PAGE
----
So, it’s that time of year again. The time of year when I gripe and grumble about how much I don’t like South By Southwest. For those that don’t know, I am a casual musician. While I’d love to make at least a partial living off music, I have absolutely zero ambition to play any arena tours or judge anyone’s singing ability on TV. In case you’re thinking this is a case of sour grapes because they’ve never selected any band I’ve been in to play their awful festival, let me make it clear that I’ve never submitted to their awful festival, and I have no plans to in the future. I’m also not the type of cynical prick who simply hates anything popular. I mean, well, I am a cynical prick, but I’m not that type of cynical prick.
I’m not saying the festival is 100% pure evil, and I’m not demanding anyone with a conscience boycott it or occupy it or any dumb shit like that. I’m just saying I really, really don’t like it. Also, I know nothing of the film/interactive/comedy/gaming aspects of it. I assume that stuff is just as much of an exploitative corporate behemoth as the music end, but who knows, maybe all that’s great.
It’s only fair to point out that even if this whole thing was just as awesome as everyone says it was back in the late 80′s, I still probably wouldn’t like it. Standing out in the sun all day with thousands of other members of the general public (who I, as a rule, try to avoid whenever possible), drinking shitty beer and listening to so many bands in a week that they all blur together and I don’t even remember which ones were great and which ones sucked with a vigorous fury does not sound like a good time to me. Clearly, there’s an awful goddamn lot of people who disagree, and let’s be honest, they’re probably not the assholes here, but it is what it is.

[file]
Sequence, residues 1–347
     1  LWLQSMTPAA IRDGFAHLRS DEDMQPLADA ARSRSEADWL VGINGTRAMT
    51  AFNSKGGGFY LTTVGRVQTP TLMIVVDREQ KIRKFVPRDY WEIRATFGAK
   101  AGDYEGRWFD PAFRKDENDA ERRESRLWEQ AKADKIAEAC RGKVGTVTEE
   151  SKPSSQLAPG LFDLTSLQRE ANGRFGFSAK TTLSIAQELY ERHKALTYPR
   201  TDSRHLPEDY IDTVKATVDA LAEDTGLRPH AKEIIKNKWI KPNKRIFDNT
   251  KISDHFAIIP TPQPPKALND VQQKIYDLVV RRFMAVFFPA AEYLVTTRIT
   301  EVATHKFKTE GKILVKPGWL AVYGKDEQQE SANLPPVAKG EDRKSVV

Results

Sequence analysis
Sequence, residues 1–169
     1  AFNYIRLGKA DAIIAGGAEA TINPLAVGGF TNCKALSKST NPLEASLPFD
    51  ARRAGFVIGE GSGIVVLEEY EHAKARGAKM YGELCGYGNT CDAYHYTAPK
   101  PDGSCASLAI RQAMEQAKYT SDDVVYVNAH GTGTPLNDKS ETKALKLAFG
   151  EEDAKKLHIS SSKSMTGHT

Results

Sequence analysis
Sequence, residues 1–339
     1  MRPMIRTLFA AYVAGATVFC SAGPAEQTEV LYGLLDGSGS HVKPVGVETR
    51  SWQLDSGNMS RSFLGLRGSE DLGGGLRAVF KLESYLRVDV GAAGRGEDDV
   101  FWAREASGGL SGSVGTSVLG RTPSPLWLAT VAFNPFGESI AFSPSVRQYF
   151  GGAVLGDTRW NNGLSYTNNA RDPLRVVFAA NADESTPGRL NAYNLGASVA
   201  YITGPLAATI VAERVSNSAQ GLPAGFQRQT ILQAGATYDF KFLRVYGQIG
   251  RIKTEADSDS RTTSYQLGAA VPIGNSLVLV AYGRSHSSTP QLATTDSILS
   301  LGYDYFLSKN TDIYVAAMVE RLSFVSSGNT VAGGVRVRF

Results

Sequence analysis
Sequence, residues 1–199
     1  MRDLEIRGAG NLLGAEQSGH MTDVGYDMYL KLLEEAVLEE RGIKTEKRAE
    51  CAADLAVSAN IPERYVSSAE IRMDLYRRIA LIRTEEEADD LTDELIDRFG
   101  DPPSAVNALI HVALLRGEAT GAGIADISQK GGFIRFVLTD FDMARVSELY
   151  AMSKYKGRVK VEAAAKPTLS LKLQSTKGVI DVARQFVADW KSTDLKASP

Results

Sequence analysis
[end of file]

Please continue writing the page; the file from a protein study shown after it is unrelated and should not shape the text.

So, you ask, what then elevates this from something you’d just as soon not engage in to something you feel the need to piss and moan about every year?
HEY, LOOK DOWN HERE IF YOU’D LIKE TO SKIP ME RAMBLING LARGELY ABOUT MYSELF AND GET TO THE MEAT OF THIS.
SXSW makes giant piles of cash off of the independent artist community I love and doesn’t offer much in return. Now, I’m no communist. The people who thought up this idea and put a lot of work into it every year certainly deserve to make some money off of it, and of course it costs a lot to put this thing together, but this has gotten a little out of hand.
For starters, every band that wants to be considered for the festival pays $30-40 to apply. The purpose of this is to discourage the bands who have absolutely no chance of getting in from clogging up the works by submitting for the hell of it, and to pay whatever poor bastard has to sift through all of them. Still, thousands upon thousands of bands submit every year, and those $40 do add up to a lot of money.
There’s also merch. All your SXSW t-shirts and coozies and mouse pads and ball caps and duffel bags and whatever else you can silk screen a logo onto.